The world’s preeminent “wing joint” celebrates 30 years of success in 2013. No matter what you think of the “ambiance” at the premier chicken wing restaurant on the planet, Hooters has certainly met with neon orange success during its 3 decades in business. Getting past the first couple of years in the restaurant business is tough.

Finding yourself a household name and successful brand in umpteen nations after 30 years takes that success to an entirely different level.

Hooters Marketing Strategy

Public relations guru and CEO of 5WPR in NYC, Ronn Torossian, takes a look at what has helped Hooters find its way into the fabric of our culture as a perennial success.

They were bold

There is a story told of one of Hooters original owners spotting an abandoned, half sunk boat just off one of Clearwater, Florida’s most traveled highways. Sensing an opportunity, the owner swam out to the boat with orange spray paint and painted HOOTERS on the exposed hull. Best advertising a $5 can of spray paint could buy.

They tried new things

The guys needed someone to be the “face” of the company. They discovered Lynn Austin on the day she won a bikini contest in the FL panhandle. Despite being, at the time, unrefined and unaccustomed to the spotlight, Austin turned out to be the perfect mix of flirty, all American girl next door, and she became the face of the brand for years.

They were likeable

Hooters never tried to be anything other than what they were, a fun and completely unpretentious wing joint in a community chock full of 5-star dining and beach-themed shrimp shacks. Their target market loved the surf and turf feel of the place and soon flocked to the chicken joint.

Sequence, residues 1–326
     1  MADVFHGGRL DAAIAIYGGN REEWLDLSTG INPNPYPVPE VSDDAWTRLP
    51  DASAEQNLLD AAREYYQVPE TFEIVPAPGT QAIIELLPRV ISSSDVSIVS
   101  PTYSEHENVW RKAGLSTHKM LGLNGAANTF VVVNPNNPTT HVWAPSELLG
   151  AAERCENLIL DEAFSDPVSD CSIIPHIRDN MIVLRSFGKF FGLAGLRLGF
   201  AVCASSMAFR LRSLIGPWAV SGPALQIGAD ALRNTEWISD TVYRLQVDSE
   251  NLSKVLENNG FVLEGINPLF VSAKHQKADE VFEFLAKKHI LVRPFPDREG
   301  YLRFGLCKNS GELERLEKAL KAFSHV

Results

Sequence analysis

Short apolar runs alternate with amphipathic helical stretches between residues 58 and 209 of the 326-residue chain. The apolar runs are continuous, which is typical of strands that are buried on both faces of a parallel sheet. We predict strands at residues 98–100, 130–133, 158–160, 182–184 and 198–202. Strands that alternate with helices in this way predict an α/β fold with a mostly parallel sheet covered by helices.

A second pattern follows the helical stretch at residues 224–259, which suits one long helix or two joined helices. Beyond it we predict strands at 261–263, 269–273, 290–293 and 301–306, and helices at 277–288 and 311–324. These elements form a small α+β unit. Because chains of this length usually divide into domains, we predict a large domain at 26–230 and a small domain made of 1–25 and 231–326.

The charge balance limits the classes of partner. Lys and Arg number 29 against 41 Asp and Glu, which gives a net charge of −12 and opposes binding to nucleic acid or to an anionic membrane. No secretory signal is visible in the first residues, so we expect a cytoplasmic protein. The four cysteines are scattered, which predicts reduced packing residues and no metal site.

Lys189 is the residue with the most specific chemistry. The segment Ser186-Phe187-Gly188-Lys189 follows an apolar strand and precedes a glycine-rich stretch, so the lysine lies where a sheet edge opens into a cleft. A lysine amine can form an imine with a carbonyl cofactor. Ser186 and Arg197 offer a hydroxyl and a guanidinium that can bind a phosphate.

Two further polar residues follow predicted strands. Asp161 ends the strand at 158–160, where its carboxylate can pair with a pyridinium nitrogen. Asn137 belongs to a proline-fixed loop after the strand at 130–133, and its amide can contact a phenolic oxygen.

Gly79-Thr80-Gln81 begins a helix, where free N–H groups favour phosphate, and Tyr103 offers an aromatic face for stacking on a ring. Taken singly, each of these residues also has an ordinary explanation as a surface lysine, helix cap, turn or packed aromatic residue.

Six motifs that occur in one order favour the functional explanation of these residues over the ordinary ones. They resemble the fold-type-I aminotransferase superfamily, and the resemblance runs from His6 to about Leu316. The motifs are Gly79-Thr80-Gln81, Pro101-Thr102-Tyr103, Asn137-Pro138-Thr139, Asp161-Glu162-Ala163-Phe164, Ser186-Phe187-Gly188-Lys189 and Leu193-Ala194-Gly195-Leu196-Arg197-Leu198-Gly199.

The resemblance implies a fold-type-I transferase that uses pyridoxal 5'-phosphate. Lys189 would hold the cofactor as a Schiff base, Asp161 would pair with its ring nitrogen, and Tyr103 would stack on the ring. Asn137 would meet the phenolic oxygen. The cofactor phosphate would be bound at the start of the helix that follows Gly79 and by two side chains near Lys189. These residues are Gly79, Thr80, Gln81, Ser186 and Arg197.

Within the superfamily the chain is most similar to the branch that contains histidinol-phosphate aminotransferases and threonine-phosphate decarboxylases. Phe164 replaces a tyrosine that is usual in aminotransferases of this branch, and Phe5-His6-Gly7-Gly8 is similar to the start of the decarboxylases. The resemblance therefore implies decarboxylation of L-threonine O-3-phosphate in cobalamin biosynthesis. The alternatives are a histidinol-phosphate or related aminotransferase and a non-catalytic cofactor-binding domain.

They were definable

In branding, the most important aspect is how prospects and customers define your brand in their minds. In the restaurant biz, if your customer can’t think the following simple equation: I want this = I’ll go here, then you are likely headed for failure.

They kept it simple

No goofy revolving gimmicks and no weird menu permutations. Hooters kept it simple: Friendly, sexy girls selling the perfect food for guys on game day. Complex menus and keeping customers guessing may seem like a great idea, but in reality it can doom brands to nebulous mediocrity.

They do the right things right

Hospitality and presentation are still two of the most important aspects of success in the restaurant business. Hooters maintains a reputation for being one of the most welcoming, friendly and fun places to nosh on pub grub.

Torossian says these success secrets may not seem like the answer to the riddle of the sphinx, but they are exactly the sorts of things aspiring business people often get wrong.

“Look at how many copycat restaurants and bars have come and gone in the past 30 years. Sure, it seems like an easy model to recreate, but the secret to Hooters’ success is more than cute servers in skimpy outfits. If that’s all you bring to the table, you won’t last in the food and beverage business.”

“From a branding perspective,” Torossian added, “Imitation may be the sincerest form of flattery, but it’s also the easiest way to completely miss the point and set yourself up for failure.”